Coming down on the train to London Neil and I sat next to a group of people heading to a conference in Eastbourne. The carriage was full. It was overly hot and felt like a cattle truck. The group were mostly women and worked in adventure playgrounds. Many of them worked for North Tyneside Council, where I used to work, and it was pleasant to hear their northern lilt in an otherwise southern sea.
The conference was about how to get children to be more active, more adventurous and play outside like we used to when I was a lad. Times were different then. Now everyone is a weirdo or an online stalker. The world is a dangerous place.
When I was young I would play out from first light and only come home to eat. I spent half my life up a tree, not always the same one, and it never did me any harm. You may think differently. Anyway I will leave that to you.
Back on the train, I went to the toilet and by the time I got back Neil had shown them a couple of card tricks. He always has one or two up his sleeve. They were impressed enough to give us a couple of cans of beer and a conversation ensued from there.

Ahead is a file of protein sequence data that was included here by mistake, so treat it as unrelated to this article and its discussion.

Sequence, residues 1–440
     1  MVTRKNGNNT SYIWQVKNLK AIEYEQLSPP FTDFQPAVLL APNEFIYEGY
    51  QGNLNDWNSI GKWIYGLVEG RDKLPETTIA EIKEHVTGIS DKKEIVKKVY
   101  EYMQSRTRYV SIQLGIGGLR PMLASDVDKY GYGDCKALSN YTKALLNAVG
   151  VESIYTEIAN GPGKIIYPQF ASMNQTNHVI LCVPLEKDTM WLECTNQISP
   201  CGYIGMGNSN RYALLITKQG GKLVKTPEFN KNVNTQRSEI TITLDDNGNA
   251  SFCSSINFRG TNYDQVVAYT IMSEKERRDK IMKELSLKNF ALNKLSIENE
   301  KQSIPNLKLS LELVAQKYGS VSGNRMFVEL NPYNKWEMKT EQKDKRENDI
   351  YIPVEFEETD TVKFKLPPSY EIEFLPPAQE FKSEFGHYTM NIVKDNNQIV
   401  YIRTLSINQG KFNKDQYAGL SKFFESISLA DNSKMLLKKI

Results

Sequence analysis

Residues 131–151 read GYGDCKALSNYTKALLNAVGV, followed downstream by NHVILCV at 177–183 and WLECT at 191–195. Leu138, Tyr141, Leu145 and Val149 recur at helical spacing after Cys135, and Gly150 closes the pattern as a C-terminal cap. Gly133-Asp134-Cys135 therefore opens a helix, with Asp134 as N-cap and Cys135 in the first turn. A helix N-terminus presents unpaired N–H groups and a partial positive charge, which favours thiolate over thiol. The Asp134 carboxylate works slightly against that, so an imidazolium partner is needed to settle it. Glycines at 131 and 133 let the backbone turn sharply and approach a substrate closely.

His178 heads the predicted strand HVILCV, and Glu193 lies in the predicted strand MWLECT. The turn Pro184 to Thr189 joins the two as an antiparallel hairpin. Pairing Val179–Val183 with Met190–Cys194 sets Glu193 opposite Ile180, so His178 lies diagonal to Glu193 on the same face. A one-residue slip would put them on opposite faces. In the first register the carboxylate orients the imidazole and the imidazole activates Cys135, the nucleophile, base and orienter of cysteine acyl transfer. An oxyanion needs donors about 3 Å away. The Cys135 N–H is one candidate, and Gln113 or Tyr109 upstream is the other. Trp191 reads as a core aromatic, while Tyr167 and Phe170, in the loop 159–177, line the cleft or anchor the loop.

We got around to talking about what we do and we replied that we worked in IT. This immediately put us upon a pedestal. We represented something special. We were marked out as clever, (unfairly). The world in which we operate was exotic, beyond their reach and somehow mysterious. They told us how they struggled with their technology as if we would be able to help them, which of course we could not.
We described what we do and I realised how lucky we were to work in the field that we do. Here we were, on a train, off to visit some companies to help us with our new ways of working programme and doing something that we enjoy. The area that we in is innovative, creative and exciting. Every day brings new challenges and new opportunities.
Having said all that I don’t think ICT people (if there is such a thing) are necessarily more clever, more innovative or more creative than any other group yet we sometimes come across as such. We need to keep this in the backs of our minds.